In fight against workplace cancer, Ontario commits $6 million for ‘public health’

The Ontario government will invest $6 million to help keep workplace cancers from becoming a risk in the province.

The announcement, made Thursday by Ontario cabinet minister Michael Coteau, is part of the government’s plan to improve workplace safety in the province. Coteau said his team worked with researchers in a federally funded project to develop health workers’ guidelines for identifying non-cancer workplace cancers, as well as prevent them in the future.

“This funding will help to support the health-care system to continue working with health-care providers to reduce the amount of time that they are spending on cancer diagnoses,” Coteau said in a statement.

Employers were not required to comply with the guidelines, but the government plans to encourage them to educate and educate their workers.

“These guidelines are the first step toward ensuring our workers are offered a wider range of preventative services,” Coteau said.

An estimated 1,200 workers are diagnosed with cancer each year in Ontario. About two-thirds of them develop non-cancer cancers that may be linked to their work, according to the government.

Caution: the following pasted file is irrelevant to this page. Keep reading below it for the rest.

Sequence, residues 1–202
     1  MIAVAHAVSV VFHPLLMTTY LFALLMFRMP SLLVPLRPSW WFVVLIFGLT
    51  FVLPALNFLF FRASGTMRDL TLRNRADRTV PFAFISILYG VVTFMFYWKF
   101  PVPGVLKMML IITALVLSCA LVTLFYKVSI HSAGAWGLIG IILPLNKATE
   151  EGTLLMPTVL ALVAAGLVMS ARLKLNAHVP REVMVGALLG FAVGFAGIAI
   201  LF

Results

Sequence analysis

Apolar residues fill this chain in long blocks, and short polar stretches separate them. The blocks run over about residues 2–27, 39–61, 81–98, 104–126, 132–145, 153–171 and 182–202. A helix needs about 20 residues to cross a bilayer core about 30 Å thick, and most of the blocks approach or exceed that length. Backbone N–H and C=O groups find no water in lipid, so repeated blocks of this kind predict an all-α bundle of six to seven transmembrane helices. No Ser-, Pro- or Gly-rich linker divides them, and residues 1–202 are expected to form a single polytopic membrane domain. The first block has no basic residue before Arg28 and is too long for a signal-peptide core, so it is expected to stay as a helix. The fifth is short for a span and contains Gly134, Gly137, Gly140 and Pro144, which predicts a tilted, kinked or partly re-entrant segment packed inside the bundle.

Employers and workers involved in the project say that cancer can be difficult to detect in the early stages. Health workers have different views on the effectiveness of workplace cancer screening programs. One, a radiation oncologist with more than 20 years of experience, said the guidelines are a small step toward spreading the message of cancer prevention.

“I think it’s good to have this information,” Ira Cohen, who practices at The Imaging Center in Toronto, said in a statement. “I’m not a fan of going to the doctor for screening, it’s a waste of time for me. But this is a strategy to catch some cancers before they become really major cancers, when the treatment possibilities are much less.”

Some cancer experts believe cancer screening programs won’t succeed in saving lives. “In my view, a screening program is a waste of time in a high risk, low screening population,” Dr. Joanne Rodriguez, an ophthalmologist with the University of Toronto, wrote in an email. “In a high risk population screening is beneficial, even when it fails to improve cancer control.”

But the guidelines would allow workers with concerns about cancer to take more proactive measures, such as monitoring their diet, exercising and having a regular check-up.

In Canada, workplace cancer is the third most common cancer diagnosis, after skin cancer and lung cancer. About 1,600 workers die each year of non-cancer work related cancers in Canada, according to government statistics.

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